community.9 The best known pastors – for example, those with a reputation for casting out demons, prophecy or oratory – are often called to mediate in serious conflicts, either on their own or with one or more ‘men of respect’. This is the case even though these men tend to be considerably younger than the traditional mediators, and even though their knowledge of the ‘Gitano laws’ (leyes gitanas) and their experience of dealing with angry parties in the midst of heated disputes are limited. However, unlike young non-converts, who tend to fulfil those ideals of Gitano masculinity that focus on sexual promiscuity and physical bravery, young male converts model themselves upon the ideal figure of the ‘man of respect’ – a self-controlled, reliable, truthful older man. In so doing they also draw upon dominant Gitano discourses of prestige and authority, which focus on moral righteousness as the basis for ascribed male status (Gay y Blasco 1999; 2000). It is remarkable how convinced non-converts tend to be by their performance: non-convert mothers often push their daughters into attending the daily services regularly in the hope that they will catch the eye of a young aleluya. For their part, women whose husbands become pastors gain access to a whole new realm for the exercise of female influence and authority, a realm non-existent in the non-convert world. As pastoras they provide guidance and advice to the women of the Church, related or not. Like their men, they are often the recipients of the kinds of deference and respect that are usually reserved to much older women. These transformations in ways of organising daily sociability, of dealing with conflict and of allocating prestige and authority demonstrate how converts are beginning to transform the very structure of Gitano socio-political relations. They are revising certain key institutions and developing new ones: by creating an ideal of social cohesion to be built upon the hierarchies of the Church, and by reaching out imaginatively to other Gitanos and Gypsies, aleluyas are in fact creating a new project for ‘the Gitano people’, or a new diasporic modality. This project is much closer to anthropological notions of ‘society’ as a cohesive body of institutions, statuses and roles than the ideals of community as commonality embraced by the non-converts. In this sense it is particularly significant that, at the core of these Pentecostal innovations, lies a changed perception of the self and the group in time. The nonconverts of Jarana – like many other Gitanos and Gypsies elsewhere – put much conceptual work into downplaying the effect of the past on the present, and refuse to invoke the ‘before’ as a justification of the ‘now’ (Gay y Blasco 2001). This goes hand in hand with their emphasis on the person as the performer of the Gitano morality, the real creator of ‘the Gitanos’ as a people. Roma activists, by contrast, draw on nonGypsy academic theories and take up the notion that Gypsies come from India. In claiming for all Roma a land of origin and also a shared history of persecution and nomadism, Roma activists begin to move away from the performative model of identity to the same emphasis on historical and biological continuity that lies at the core of dominant Euro–American ethnotheories. Like the activists, the converts of Jarana look to the past but to claim that all Gypsies are Jews that became lost during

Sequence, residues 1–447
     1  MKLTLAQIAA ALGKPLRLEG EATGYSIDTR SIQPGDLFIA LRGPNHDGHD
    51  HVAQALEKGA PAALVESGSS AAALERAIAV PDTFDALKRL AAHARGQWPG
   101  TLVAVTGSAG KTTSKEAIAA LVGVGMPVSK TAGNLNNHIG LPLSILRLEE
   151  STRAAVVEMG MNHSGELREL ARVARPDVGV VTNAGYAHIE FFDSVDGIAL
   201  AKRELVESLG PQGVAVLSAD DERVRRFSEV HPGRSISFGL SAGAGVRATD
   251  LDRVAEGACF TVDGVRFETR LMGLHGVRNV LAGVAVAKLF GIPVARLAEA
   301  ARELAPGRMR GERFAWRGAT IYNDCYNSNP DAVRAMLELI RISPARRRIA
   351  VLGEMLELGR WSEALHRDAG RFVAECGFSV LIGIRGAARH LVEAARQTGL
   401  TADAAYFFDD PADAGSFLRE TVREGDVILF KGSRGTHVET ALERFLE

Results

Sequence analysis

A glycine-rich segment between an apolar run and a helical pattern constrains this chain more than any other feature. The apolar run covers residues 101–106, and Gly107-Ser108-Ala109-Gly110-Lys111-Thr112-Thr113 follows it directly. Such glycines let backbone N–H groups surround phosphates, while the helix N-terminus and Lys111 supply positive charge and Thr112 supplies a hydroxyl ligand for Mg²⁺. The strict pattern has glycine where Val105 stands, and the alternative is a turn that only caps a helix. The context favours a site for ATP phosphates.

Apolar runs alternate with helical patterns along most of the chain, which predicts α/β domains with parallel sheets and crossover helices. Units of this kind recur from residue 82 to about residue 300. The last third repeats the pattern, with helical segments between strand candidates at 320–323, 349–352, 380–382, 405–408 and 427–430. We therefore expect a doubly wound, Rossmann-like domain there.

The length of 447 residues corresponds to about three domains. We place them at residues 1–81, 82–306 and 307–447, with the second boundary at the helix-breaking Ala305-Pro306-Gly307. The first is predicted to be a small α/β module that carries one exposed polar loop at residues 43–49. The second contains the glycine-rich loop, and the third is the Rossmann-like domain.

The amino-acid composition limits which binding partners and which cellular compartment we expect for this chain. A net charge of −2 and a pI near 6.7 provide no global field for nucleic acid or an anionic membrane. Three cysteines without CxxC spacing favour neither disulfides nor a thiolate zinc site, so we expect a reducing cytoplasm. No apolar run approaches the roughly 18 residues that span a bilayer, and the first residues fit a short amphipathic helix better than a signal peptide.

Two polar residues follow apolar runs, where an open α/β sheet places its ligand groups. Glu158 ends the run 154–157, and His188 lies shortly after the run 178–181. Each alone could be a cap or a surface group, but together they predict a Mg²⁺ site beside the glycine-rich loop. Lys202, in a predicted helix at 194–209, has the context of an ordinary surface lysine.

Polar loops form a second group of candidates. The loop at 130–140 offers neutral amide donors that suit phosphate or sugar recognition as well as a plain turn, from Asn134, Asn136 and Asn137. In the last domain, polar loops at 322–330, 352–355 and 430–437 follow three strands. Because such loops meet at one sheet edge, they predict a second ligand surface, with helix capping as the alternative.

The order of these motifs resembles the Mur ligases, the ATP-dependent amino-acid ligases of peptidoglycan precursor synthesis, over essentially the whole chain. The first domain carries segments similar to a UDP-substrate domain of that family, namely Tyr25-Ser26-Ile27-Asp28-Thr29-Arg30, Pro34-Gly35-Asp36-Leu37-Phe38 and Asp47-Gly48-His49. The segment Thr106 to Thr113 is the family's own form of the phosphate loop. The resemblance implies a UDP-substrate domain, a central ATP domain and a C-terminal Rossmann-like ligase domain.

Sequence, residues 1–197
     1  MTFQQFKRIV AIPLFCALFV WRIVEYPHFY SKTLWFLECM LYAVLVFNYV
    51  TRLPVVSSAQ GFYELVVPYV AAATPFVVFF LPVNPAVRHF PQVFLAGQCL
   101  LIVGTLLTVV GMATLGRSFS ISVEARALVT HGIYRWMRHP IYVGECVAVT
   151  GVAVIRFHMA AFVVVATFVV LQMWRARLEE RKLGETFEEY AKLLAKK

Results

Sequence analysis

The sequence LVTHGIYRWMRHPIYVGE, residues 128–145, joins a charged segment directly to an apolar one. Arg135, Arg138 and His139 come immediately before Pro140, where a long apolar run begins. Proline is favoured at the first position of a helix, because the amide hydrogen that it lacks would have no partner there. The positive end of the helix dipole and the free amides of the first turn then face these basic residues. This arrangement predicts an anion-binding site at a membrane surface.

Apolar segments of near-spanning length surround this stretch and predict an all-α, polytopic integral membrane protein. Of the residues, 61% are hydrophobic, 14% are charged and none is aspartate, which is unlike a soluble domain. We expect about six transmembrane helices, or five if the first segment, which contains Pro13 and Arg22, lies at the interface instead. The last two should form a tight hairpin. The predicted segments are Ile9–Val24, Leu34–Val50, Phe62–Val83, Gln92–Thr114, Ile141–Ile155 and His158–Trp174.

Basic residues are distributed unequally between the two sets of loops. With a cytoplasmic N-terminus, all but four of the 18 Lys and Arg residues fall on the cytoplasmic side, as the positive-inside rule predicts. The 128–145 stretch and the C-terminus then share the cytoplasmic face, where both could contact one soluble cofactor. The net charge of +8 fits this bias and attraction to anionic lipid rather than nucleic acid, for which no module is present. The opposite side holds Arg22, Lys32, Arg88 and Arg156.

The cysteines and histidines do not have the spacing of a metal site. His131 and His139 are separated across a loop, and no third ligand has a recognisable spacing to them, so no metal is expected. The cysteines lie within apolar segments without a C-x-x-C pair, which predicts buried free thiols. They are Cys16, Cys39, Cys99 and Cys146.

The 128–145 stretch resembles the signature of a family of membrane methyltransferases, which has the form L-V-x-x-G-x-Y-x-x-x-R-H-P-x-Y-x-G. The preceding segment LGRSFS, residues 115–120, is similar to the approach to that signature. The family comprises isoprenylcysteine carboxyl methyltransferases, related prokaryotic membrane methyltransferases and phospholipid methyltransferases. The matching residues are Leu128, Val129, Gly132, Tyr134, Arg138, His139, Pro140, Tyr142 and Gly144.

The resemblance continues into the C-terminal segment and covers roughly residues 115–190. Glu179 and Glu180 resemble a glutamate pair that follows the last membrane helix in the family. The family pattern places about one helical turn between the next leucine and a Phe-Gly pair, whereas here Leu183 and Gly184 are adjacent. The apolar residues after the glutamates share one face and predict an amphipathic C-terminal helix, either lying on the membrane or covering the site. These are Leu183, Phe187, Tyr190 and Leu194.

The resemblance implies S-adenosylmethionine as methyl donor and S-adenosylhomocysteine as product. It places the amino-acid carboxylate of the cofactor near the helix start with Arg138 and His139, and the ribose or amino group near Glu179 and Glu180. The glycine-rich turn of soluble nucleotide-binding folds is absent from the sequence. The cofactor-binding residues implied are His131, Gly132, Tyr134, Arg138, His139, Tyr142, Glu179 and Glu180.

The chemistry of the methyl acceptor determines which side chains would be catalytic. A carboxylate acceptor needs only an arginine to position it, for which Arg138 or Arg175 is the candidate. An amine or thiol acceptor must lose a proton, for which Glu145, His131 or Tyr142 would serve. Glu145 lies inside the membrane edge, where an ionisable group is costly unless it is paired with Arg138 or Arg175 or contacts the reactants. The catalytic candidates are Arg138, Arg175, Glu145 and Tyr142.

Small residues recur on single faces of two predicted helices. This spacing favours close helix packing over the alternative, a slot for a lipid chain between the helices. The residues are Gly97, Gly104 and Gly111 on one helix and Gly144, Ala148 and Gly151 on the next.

9 Pastors come from a wide variety of backgrounds. In Jarana I met pastors from wealthy Gitano families who lived in great comfort. There were others who barely managed to make a living and who in fact belonged to some of the poorest households in the neighbourhood. Some had relatives who earned their living through drug-dealing or other illegal activities; others did not. I met several pastors who themselves had been drug-addicts or alcoholics; but I also came to know others who had always had a reputation for respectability and self-control.